Computer gremlins strike
Mildred drove over to her friend Gladys’ ranch and stomped into her kitchen.
Mildred: Gladys? … I gotta use your computer.
Gladys: Well, uh, sure, but what’s the matter with yours?
Mildred: Furthermore, I hate, loathe and despise computers.
Gladys: Wow. tell me how you really feel.
Gladys: How come you abominate computers? I mean, don’t you write a column once a week?
Mildred: Yeah, tell me about it. I have to have it emailed to the magazine by 5 o’clock today.”
Gladys: “So what’s the problem?”
Gladys: “Hijacking? What do you mean?”
Mildred: “Some rogue thief out there in techie land has invaded my computer and disabled my word processer, my email function and I don’t know what all.”
Gladys: “Oh, that’s terrible. Can it be fixed?”
Mildred: “Dunno. I don’t have time to investigate. Gotta get a column written.”
Gladys: “Can’t you call some tech-nerd for help, or call the company, or the store where you bought the outfit? Or … well, surely there’s something you can do. Get one of the high school kids to fix it. Teenagers are all a whiz at tech stuff.
Mildred: “I repeat. I gotta have 600 to 800 words ready to send off by late afternoon.”
Gladys: “Okay then. I’ll make coffee.”
Gladys closed the door to her office leaving Mildred frowning at the screen. Now all Mildred had to do was harvest 600 to 800 words in some kind of meaningful form. She stared, she furrowed her brow, she felt perspiration starting, she knew her blood pressure was probably about to stroke her out; she began to understand homicide as an option. Problem was, there was no specific individual at which to take aim.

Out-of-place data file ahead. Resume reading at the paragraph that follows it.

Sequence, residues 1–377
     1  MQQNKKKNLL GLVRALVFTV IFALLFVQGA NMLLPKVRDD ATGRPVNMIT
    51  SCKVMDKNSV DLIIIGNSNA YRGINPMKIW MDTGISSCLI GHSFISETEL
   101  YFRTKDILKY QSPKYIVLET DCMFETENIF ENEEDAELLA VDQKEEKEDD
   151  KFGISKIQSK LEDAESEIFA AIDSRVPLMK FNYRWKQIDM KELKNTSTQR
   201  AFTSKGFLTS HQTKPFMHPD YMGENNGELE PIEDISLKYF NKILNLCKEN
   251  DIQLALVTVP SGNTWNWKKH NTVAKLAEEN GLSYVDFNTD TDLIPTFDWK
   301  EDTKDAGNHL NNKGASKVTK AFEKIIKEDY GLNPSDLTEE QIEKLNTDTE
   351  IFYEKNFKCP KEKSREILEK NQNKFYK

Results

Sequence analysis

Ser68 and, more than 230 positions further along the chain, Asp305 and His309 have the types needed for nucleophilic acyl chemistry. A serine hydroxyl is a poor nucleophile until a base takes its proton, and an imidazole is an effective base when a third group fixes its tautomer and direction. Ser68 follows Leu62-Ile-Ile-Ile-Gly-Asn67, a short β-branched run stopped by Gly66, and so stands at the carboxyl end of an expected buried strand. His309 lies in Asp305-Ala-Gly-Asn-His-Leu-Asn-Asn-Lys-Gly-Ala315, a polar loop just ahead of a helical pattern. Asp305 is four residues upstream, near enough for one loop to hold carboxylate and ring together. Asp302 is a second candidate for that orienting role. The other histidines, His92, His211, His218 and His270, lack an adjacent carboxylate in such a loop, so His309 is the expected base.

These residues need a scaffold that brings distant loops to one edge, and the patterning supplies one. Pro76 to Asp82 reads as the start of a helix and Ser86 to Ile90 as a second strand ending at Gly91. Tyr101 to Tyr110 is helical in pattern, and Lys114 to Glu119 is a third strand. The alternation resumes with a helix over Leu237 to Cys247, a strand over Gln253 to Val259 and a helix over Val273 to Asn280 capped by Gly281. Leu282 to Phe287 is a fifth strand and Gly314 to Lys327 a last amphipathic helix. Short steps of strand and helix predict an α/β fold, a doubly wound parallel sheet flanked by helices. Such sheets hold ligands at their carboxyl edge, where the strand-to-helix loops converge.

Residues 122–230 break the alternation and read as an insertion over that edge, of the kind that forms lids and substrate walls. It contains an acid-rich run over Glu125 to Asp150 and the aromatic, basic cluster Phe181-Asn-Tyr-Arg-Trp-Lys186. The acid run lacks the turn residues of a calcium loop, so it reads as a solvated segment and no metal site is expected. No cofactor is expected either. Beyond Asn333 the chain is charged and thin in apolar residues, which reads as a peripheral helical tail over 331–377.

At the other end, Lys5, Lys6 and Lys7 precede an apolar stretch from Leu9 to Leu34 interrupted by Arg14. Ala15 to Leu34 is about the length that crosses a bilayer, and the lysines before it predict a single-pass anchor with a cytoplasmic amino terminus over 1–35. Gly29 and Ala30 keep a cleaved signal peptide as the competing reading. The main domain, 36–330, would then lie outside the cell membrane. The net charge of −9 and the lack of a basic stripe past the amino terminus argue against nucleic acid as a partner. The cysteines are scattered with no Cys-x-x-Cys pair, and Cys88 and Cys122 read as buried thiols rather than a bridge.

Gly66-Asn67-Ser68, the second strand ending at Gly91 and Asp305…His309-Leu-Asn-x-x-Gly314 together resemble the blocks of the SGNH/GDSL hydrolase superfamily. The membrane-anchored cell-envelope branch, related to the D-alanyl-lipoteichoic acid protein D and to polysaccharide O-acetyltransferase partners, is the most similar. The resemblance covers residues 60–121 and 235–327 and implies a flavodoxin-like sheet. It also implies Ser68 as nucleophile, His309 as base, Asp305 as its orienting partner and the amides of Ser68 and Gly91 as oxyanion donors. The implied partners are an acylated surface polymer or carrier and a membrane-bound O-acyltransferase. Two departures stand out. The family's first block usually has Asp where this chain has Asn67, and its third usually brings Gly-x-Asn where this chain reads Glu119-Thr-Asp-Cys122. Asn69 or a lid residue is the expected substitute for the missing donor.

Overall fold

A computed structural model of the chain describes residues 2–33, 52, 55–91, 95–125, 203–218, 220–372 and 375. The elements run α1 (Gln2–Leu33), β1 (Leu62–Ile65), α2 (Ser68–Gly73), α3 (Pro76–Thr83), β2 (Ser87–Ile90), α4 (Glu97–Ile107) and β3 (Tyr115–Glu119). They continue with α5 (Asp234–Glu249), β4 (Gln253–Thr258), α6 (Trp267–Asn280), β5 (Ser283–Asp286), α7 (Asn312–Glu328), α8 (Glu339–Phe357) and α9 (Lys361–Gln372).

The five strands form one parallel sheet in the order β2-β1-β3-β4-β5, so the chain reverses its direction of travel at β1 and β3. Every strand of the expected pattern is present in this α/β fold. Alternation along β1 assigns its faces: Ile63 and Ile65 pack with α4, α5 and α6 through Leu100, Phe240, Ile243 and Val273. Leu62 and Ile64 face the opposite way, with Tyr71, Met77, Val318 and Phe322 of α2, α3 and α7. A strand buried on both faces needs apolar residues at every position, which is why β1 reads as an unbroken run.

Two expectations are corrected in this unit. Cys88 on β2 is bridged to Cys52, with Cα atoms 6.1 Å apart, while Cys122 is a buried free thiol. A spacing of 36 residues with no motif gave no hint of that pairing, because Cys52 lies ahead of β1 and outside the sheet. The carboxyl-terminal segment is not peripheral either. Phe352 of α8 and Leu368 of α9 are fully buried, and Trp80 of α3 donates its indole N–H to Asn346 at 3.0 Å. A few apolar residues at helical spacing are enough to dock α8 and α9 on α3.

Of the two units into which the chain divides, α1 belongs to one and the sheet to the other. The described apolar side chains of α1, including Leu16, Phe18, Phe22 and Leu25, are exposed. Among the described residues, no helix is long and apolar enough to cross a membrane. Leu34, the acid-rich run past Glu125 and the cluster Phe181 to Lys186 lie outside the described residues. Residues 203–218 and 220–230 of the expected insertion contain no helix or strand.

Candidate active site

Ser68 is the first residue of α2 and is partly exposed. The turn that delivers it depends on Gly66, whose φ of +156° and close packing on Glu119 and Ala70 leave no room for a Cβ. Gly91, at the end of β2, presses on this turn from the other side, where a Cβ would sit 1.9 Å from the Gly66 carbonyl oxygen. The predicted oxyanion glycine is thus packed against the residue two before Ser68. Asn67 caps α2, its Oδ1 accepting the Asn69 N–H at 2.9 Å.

Was this how people “went postal” she wondered? She beavered away punching the keys on Gladys’ computer. Revenge, she thought, I want revenge. All computer users are sitting ducks out here in technology land. I have no power, no protection. Those expensive programs that claim to safeguard a computer — well, they don’t. And all of ‘em “update” and make one pay again and again and again.
“Maybe I’ll form a coalition and start a revolution,” she muttered.
I’ll go on Facebook and email and use those sorry “links” and so-called “social media.” Once I get a bazillion members, I’ll arm them with spit balls and then we’ll march on congress and insist they DO something. Mildred paused. March on Congress? What good would that do? The hackers are on their trails as well as targeting mere peons like me, she thought. Not to mention, when was the last time congress actually did anything useful? Or as Mark Twain put it: Suppose you were an idiot, and suppose you were a member of congress; but I repeat myself.
Finally, finally, Mildred typed enough fairly sensible words and shipped them off through space. She began to relax. Done for a week. Now to address her sick computer’s hack problem. She thanked Gladys, got in her pickup and drove home. Once there she trod firmly to her desk and began unplugging all the connections of the computer. She toted it out to the pickup and let it ride in the passenger seat while she drove to the bridge spanning the Yellowstone River. She parked. She got out of the pickup, went around to the passenger door and opened it
“Come,” she said to the computer. Reaching in, she clasped it in her arms, strode to the bridge railing and hoisted her burden to the top of the railing. She kissed the computer on its top. Then she gave it a shove and watched it hurtle downward, then kersplat into the water. It sank immediately.
“From now on,” she mumbled, dusting off her hands, “my only form of communication will be smoke signals.” ❖
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